Itís malware that stalkers love, and it poses a real threat in domestic violence. Until this week, the search giant was running thousands of ads for the creepy surveillance tool.
They’re the sort of capabilities you might ordinarily prescribe to a cybercrime group or law-enforcement agency: intercepting text messages, remotely eavesdropping on phone calls, or sweeping up emails and social-media messages en masse.
But dozens of firms around the world sell powerful mobile-phone spyware to the everyday consumer, and in many cases with the explicit purpose of enabling surveillance on husbands, wives, and lovers.
And though the U.S. Justice Department has convicted people who use this technology as well as those who sell it, Google, through its ad services, has kept on running advertisements for many of the companies that offer it, The Daily Beast has found. After being informed of the issue, Google removed thousands of offending ads, but the news still highlights how Silicon Valley companies are sometimes unwitting accomplices to the sale of illegal technology, and how those same companies often let dubious clients slip through the cracks.
“Spy on wife app [...] invisible mode,” a Google ad from one company read Monday.
With these pieces of malware, an attacker—be that a jealous or suspicious lover or stalker, for example—will need physical access to the target’s mobile phone. Typically, they’ll visit a webpage that hosts the malware and download a specially crafted app, which can keep itself hidden from the user, and that will then collect whatever data from the phone the attacker wants and send it to them in an email or store it in an online account to access later. Software is available for both Android and iPhone devices, but for the latter the phone needs to be jailbroken, which allows the installation of unauthorized apps. With Android phones, the attacker may need to turn off a security setting for similar reasons.
The threat from this software, though, is real: “Spouseware” has a long history with domestic and sexual violence, and even murder. In one recent case, a man allegedly used spyware to monitor his ex-wife’s phone during divorce proceedings. And a 2014 NPR investigation found that three-fourths of 70 surveyed domestic-violence shelters came across victims whose abusers had listened in on conversations using some form of hidden app.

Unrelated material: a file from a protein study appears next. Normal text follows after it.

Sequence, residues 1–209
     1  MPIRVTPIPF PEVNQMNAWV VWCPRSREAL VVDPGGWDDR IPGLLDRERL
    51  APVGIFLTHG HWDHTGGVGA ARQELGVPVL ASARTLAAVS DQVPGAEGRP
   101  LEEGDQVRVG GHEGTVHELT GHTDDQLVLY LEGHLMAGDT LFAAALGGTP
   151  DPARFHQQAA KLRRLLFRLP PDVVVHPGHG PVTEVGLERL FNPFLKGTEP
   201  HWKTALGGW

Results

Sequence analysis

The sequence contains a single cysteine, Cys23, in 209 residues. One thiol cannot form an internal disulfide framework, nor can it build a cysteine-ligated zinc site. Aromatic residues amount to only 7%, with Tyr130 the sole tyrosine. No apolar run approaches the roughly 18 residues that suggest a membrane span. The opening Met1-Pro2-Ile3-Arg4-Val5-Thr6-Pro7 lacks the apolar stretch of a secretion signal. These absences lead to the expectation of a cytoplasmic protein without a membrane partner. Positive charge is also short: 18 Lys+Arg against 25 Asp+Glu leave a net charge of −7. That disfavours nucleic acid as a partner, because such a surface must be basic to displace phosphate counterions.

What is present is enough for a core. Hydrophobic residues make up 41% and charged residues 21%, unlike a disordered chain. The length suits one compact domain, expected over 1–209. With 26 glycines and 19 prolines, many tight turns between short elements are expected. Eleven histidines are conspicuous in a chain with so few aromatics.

Companies sell this software for anywhere from $20 to a few hundred dollars, depending on how potent its capabilities are and how long the stalker wants to use it. Hundreds of thousands of people have purchased this type of software over the years, judging by a number of data breaches that included customer records.
And, it works: This reporter previously bought a piece of spyware for $170 that, among other things, tracked the phone’s GPS location and siphoned photos taken with the device’s camera. A colleague in New York even sent a text message to the phone in Europe and triggered the device’s microphone and recorded a conversation.
Many of these companies market their products directly to those wanting to spy on their beloved. In 2014, the Justice Department ordered the creator of a piece of consumer malware called StealthGenie to pay a $500,000 fine. A woman was also sentenced to three years of probation for using the software.
According to internal data belonging to one spyware company called FlexiSpy that was acquired by Motherboard, the firm researched search-engine optimization phrases such as “how to catch a cheating spouse,” and “how to know if your husband is cheating.”
These recently discovered ads on Google seem to follow that same sort of marketing strategy. On Monday, typing terms such as “spy on wife’s phone” or “spy app wife,” for example, would sometimes return adverts for related products. These ads would appear prominently on the page, with some being in the first few results.
“#1 Wife Android Spy—Limited Time 50% Off,” another recently uncovered Google ad reads.
Other adverts were less explicit in whether the software could be used to target a spouse; but in the consumer-spyware industry, that sometimes means very little. Even when a company’s website says the software should only be deployed to monitor children or employees—which can be done legally—customer-support reps will often undermine those statements entirely, by admitting that customers can use this on their wife’s phone without permission. In a similar way, although the company linked to the first Google ad makes it very clear on its website that the software should only be used legally, the advert itself markets the product for spying on someone’s wife. The company behind this ad did not respond to a request for comment.
“Thanks for flagging these to us. We strictly prohibit advertising of these kinds of services and have removed these ads. When we find ads that violate our policies, we take immediate action to disable the offending sources,” a Google spokesperson told The Daily Beast in a statement.
These adverts violated Google’s “Enabling Dishonest Behavior” policy, which includes “products or services that enable a user to gain unauthorized access (or make unauthorized changes) to systems, devices, or property.” This would also cover items such as malicious hacking services and radar-jammers, the policy continues. The Daily Beast confirmed that the previously scrutinized search terms no longer return any adverts as of Tuesday.
This response sits in stark contrast to how YouTube, which is owned by Google, handled a similar situation. When Motherboard found that networks of YouTubers were making videos advertising spyware to monitor lovers, and were taking a cut of any referred sales, YouTube reacted with a proverbial shrug, left many of the videos online, and did not provide a statement.